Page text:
I am a typical broke college student trying to find a cheap but decent car. The last car I looked at had deep scratches in the hood, and I was told it was from being towed around. The mileage was only 117,000, but I was wondering if towing adds extra wear and tear to the engine, transmission, and etc. I've been told that towing won't add miles to the odometer, but that if a car was towed around a lot it really has more mileage than the odometer says. I don't want something with a whole lot of miles because I am no mechanic and can't afford to be fixing a lot of things. I just need something that will last me a couple of years, so should I stay away from cars that have been towed?
Answer Hi Leah and thanks for the question I am sorry it took me so long to get back to you but I did not see that you had written in with your question... Nevertheless here you go:
One of the occupational hazards of being a tow vehicle is that you tend to pick up a lot of rock chips in the paint on the hood and on the windshield. You are correct that towing doesn't add miles to the odometer and pulling the car along in neutral doesn't add anywhere compared to the engine and transmission so while a tow vehicle would technically have more miles on the tires from rolling down the road than the odometer show the car itself (drivetrain... Engine and tranny) would have whatever the odometer display says. The number of miles of vehicle has on it (according to the odometer) is one of the prime determinants in establishing vehicles value because it measures the number of miles the engine and transmission have on them as well. Let's face it nobody really cares how far the car has rolled on its tires without the engine running or the transmission engaged related odometers to determine how much wear and tear are on the engine and transmission... A.k.a. the drivetrain. And while towing may affect some of the cosmetic features of the vehicle after being towed around for 100,000 miles does not affect important parts. Today's towing technology for vehicles behind a motorhome for instance is very good and other than a couple of holes in the front of the vehicle where the tow bars were attached a car does not suffer by being towed... Except for the tires and possibly breaks depending on how it's connected.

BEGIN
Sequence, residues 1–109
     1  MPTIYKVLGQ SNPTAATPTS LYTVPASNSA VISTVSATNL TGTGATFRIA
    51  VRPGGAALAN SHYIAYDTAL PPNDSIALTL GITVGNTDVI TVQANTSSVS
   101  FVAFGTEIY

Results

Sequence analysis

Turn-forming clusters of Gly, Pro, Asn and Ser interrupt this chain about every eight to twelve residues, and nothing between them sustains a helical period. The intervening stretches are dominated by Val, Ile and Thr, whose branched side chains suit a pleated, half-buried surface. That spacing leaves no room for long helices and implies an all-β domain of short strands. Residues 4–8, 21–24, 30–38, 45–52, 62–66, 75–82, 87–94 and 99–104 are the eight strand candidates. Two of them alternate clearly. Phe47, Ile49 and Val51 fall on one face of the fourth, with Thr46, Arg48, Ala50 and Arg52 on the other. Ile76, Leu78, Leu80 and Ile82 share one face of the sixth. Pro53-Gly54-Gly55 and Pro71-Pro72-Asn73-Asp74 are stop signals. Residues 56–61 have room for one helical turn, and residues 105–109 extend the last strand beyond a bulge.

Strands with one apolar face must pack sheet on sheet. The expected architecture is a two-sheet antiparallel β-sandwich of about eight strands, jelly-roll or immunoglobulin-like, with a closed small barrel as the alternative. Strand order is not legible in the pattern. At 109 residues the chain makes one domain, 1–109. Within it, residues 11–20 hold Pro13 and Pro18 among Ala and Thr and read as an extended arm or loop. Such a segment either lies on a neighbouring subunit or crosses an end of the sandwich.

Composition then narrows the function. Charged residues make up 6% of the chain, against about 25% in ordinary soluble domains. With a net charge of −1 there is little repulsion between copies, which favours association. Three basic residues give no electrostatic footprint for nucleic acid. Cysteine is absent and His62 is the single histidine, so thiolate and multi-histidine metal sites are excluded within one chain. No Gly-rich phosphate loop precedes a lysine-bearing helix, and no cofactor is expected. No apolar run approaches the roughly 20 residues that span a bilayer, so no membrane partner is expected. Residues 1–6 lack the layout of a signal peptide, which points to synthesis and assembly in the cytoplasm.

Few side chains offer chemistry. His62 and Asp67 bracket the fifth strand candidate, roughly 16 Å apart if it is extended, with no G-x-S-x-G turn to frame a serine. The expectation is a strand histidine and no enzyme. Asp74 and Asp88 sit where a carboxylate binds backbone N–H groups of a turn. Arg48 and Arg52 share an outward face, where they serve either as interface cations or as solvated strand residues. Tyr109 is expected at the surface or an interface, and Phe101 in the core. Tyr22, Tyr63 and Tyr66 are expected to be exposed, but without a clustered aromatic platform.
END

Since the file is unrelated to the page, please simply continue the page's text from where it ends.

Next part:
I wouldn't stay away from the car simply because it was a tow car and in fact may even look favorably upon it because the people who tend to tow their vehicles are people with nice recreational vehicles tend to be more affluent and are usually older and take care of their property properly... They change the oil and do all of the maintenances on schedule.
Once again I'm sorry this was so late if I would've seen you I would've answered immediately... Feel free to ask as many follow-up questions as you want!!
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20 years industry experience in top management of dealerships and dealer groups. Recognized industry expert since 2004 in the Top 10 industry experts for The Gerson Lehrman Groups Auto Industry Council. I also do consulting work for Experts360, Atheneum Partners, Expert Connect and Coleman Research. I have been a franchise owner and understand all facets of the auto industry from the time the car leaves the factory until it leaves the lot with it's new owner. I have written training materials for both the prime and the subprime sales and finance process.
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Willamette University Graduate School of Business - Econometrics Statistics
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